The way Americans regard sports heroes versus intellectuals speaks volumes

Photograph: Nathaniel S Butler/NBAE/Getty Images

Photograph: Nathaniel S Butler/NBAE/Getty Images

On 19 April 1980, more than 50,000 Parisians marched through the streets to mourn the loss of one of their own. Was it for a famous pop star, a beloved politician or a nationally treasured athlete? Nope, it was the funeral of Jean-Paul Sartre, the French existential philosopher and winner of the Nobel prize in literature (which he refused, along with the $500,000 prize money, out of concern it would compromise his independent thinking). In America, that mass public display of grief and affection is usually reserved for pop culture icons, not unapologetic intellectuals. Maybe it’s time to rethink that priority.

I can’t imagine the death of an American philosopher or literary writer drawing such a large crowd. But we do turn out for our fallen sports heroes: Babe Ruth had 150,000 at his funeral and Muhammad Ali had 100,000. Both well deserved. On the other hand, how many attended the 1996 funeral of equally deserving American poet laureate Joseph Brodsky, an immigrant who won the Nobel prize in literature in 1987? I don’t know the answer because the information isn’t even available. Can most of us even name a single contemporary American philosopher or influential literary author with the ease we can a Kardashian? If the answer is no, our initial reaction should be a slight sense of shame (and maybe a quick Google search), but more likely it would be to scoff and dismiss the question with a smug “Who cares?” But this instant dismissal really reflects a troubling trend of lazy and arrogant anti-intellectualism that has very real and dangerous consequences to American society . . .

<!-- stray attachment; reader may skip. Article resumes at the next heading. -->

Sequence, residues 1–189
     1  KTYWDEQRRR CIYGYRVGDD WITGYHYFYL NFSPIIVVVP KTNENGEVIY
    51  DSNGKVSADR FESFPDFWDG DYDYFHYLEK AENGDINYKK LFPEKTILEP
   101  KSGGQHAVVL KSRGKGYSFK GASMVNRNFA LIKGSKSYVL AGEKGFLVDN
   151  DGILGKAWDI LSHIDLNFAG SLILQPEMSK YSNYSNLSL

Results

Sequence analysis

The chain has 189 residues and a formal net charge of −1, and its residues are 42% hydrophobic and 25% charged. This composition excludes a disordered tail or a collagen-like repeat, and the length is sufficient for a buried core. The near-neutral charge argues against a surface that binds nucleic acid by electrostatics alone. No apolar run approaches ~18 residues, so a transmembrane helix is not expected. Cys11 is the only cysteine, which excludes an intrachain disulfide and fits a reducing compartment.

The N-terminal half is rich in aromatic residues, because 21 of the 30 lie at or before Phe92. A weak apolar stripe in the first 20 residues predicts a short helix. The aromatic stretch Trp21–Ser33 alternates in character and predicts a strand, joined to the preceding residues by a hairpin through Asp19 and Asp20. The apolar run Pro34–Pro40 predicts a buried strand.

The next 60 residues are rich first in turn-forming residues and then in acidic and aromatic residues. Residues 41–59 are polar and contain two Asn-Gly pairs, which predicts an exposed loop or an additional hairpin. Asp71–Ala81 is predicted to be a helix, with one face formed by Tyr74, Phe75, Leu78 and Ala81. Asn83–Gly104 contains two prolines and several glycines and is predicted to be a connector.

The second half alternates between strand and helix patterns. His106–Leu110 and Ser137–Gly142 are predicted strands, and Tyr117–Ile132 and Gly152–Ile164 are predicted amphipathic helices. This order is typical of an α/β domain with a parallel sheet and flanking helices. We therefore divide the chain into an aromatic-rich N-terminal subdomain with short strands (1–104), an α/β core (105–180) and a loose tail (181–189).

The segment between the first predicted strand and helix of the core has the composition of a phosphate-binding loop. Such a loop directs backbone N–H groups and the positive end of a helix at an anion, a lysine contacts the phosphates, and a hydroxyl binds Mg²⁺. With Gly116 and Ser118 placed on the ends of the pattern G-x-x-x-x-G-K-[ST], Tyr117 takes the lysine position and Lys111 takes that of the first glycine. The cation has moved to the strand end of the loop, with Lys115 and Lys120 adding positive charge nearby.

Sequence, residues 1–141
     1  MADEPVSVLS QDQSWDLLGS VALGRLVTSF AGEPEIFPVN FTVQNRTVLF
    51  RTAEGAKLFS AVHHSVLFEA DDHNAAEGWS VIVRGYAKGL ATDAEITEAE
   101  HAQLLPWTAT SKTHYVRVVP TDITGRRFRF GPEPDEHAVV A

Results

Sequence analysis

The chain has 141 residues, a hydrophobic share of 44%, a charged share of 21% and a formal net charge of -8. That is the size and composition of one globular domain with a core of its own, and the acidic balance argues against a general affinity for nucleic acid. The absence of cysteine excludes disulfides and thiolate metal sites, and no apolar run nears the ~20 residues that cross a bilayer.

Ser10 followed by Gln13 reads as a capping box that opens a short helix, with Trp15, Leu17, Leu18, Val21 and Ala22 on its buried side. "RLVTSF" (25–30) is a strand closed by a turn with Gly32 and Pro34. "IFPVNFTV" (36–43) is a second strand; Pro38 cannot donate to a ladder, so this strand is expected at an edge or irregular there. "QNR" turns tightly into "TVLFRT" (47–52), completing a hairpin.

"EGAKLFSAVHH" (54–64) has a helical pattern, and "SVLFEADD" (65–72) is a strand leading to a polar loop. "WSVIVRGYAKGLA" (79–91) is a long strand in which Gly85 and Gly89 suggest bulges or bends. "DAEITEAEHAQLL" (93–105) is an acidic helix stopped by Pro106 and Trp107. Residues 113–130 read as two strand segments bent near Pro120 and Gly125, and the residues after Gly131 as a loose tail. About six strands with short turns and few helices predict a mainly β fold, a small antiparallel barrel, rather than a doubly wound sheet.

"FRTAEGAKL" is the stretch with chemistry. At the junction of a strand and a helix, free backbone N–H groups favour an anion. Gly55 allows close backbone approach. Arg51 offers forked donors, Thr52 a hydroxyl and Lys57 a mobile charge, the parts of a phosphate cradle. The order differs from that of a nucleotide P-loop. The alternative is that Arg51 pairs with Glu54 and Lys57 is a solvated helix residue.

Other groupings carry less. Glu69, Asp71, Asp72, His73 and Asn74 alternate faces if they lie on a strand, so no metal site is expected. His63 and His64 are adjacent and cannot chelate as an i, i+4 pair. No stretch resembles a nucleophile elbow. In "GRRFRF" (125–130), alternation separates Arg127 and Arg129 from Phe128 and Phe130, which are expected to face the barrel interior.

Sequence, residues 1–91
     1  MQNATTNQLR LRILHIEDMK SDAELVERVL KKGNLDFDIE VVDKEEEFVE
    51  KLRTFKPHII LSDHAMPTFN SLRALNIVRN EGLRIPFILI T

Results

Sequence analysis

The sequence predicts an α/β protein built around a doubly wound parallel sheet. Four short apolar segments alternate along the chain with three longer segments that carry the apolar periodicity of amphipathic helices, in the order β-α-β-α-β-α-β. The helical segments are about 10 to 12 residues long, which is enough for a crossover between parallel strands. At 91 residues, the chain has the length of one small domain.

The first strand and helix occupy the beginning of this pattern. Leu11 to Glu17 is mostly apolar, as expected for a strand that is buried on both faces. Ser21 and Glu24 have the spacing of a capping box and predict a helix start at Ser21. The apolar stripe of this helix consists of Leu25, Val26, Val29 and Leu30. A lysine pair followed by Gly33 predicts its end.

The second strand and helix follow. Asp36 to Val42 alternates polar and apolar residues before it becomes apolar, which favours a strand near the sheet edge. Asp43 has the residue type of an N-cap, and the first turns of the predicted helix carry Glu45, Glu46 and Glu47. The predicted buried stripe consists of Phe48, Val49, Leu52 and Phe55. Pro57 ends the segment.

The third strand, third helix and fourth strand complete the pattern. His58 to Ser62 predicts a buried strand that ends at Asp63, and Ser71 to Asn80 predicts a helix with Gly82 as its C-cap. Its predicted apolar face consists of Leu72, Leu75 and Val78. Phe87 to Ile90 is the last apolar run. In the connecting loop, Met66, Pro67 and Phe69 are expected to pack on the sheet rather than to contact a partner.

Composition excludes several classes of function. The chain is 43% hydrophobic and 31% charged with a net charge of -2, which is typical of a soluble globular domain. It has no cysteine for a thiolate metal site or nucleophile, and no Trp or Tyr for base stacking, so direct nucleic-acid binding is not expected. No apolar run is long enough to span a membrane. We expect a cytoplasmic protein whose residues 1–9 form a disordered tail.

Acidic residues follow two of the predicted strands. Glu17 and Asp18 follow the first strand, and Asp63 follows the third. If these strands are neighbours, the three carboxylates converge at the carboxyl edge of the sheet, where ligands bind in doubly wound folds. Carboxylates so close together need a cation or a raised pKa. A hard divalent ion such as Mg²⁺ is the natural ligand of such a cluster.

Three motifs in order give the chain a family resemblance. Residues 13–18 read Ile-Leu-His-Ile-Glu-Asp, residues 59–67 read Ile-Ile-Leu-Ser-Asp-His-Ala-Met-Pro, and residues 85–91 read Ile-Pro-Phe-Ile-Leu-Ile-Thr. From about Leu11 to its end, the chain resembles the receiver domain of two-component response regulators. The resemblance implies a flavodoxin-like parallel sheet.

For the full story by Kareem Abdul-Jabbar follow the link below to theguardian.com.